Danon calls on U.N. to take action against Iranian ballistic missiles

Danon spoke out in response to Iran’s failed attempt to launch a Simorgh missile satellite vehicle on January 14.

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January 20, 2019 02:58
3 minute read.
Danon calls on U.N. to take action against Iranian ballistic missiles

Israel's Ambassador to the United Nations (UN) Danny Danon speaks during a meeting of the UN Security Council at UN headquarters in New York, February 20, 2018. (photo credit: LUCAS JACKSON/REUTERS)

 
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The United Nations Security Council must take action to curb the threat of Iran’s ballistic missiles, particularly those with the ability to carry nuclear warheads, Israel’s Ambassador to the United Nations wrote in a letter to the UN Security Council.
He plans to raise the matter at Tuesday’s UNSC meeting on the Middle East, which is typically devoted to the Israeli-Palestinian conflict.
 
Danon spoke out in response to Iran’s failed attempt to launch a Simorgh missile satellite vehicle on January 14. He called it a “rogue act,” a clear violation of Security Council Resolution 2231 (2015)” which “prohibits Iran from engaging in ballistic missile activity.”
 
He added, “the launch clearly reflects another stage in Iran’s development of ICBMs. On 19 April 2006, and 27 July 2017, Iran launched this same type of SLV missile and plans to do so again. As Iranian President Rouhani stated, “we will soon be ready for a new launch.”
 
Danon continued, “Iran completely disregards Resolution 2231, not only by launching missiles itself – both toward outer space and into neighboring countries – but also by leading a frenzy of missile proliferation across an already volatile Middle East.
 
“Iran is a rogue state violating international law. It blatantly defies the calls of the international community, and by doing so, cynically threatens the stability of our region, Europe and beyond. I call on the Security Council to join the nations and unions of states that have already taken measures to curb the threat of Iranian missiles, especially those capable of carrying nuclear weapons,” he said.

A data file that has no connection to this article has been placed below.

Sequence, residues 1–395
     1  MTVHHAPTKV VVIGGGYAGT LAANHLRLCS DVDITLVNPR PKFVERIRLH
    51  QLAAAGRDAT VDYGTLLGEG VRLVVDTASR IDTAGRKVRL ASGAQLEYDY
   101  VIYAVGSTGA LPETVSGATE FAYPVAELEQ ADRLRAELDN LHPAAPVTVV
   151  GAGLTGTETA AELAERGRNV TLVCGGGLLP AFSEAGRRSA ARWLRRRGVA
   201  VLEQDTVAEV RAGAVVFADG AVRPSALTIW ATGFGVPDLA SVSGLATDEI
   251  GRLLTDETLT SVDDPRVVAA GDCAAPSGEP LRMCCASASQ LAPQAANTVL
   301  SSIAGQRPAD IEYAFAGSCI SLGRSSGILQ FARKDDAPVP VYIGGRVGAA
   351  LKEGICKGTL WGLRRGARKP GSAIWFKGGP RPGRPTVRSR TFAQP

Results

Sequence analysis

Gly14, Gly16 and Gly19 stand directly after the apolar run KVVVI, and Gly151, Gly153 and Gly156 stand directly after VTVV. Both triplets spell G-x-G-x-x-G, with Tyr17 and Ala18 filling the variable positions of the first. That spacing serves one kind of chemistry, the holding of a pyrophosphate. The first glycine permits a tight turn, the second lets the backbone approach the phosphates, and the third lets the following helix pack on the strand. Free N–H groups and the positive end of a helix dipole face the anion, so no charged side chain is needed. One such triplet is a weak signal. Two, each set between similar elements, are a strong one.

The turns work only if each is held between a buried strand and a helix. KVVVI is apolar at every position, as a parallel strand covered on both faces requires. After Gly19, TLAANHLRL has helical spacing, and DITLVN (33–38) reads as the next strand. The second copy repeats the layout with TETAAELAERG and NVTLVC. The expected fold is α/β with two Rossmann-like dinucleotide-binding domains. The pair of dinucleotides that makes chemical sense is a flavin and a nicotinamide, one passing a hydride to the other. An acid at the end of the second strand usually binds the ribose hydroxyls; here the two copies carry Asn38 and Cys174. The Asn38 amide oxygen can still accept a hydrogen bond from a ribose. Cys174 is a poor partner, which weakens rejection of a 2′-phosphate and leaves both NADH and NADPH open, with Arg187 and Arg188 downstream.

Iranian President Hassan Rouhani said on Wednesday that Iran will be ready for a new satellite launch in a few months’ time after a failed attempt this week.
 
Western officials say the missile technology used in such launches could be applied to delivering a nuclear weapon.
 
Iran’s bid to send a satellite, named Payam, into orbit failed on Tuesday as its launching rocket did not reach adequate speed in its third stage.
 
Rouhani was quoted by state media as saying, however, that Iran had “achieved great success in building satellites and launching them. That means we are on the right track.
 
“The remaining problems are minor, will be resolved in a few months, and we will soon be ready for a new launch,” he said.
The United States warned Iran this month against undertaking three planned rocket launches that it said would violate a U.N. Security Council resolution because they use ballistic missile technology.
 
France’s Foreign Ministry on Wednesday condemned the abortive launch and urged Iran to cease ballistic missile tests, which Paris sees as of potential use for nuclear arms.
 
“The Iranian ballistic program is a source of concern for the international community and France,” ministry spokeswoman Agnes von der Muhll said in a statement.
 
“We call on Iran not to proceed with new ballistic missile tests designed to be able to carry nuclear weapons, including space launchers, and urge Iran to respect its obligations under all U.N. Security Council resolutions,” von der Muhll said.
 
Reacting to the French comments, the Iranian foreign ministry’s spokesman said Iran’s satellite capabilities did not breach UN resolutions or any other international conventions since they “did not have a military nature.”
 
“The Islamic Republic will choose a path that serves the nation’s long term and strategic interests, and will not sacrifice the scientific development of the country for baseless and fabricated concerns of foreign countries,” Bahram Qasemi was quoted as saying by IRNA.
 
Under the U.N. resolution enshrining Iran’s 2015 nuclear deal with Britain, China, France, Germany, Russia and the United States, Tehran is “called upon” to refrain from work on ballistic missiles suitable for carrying nuclear weapons.

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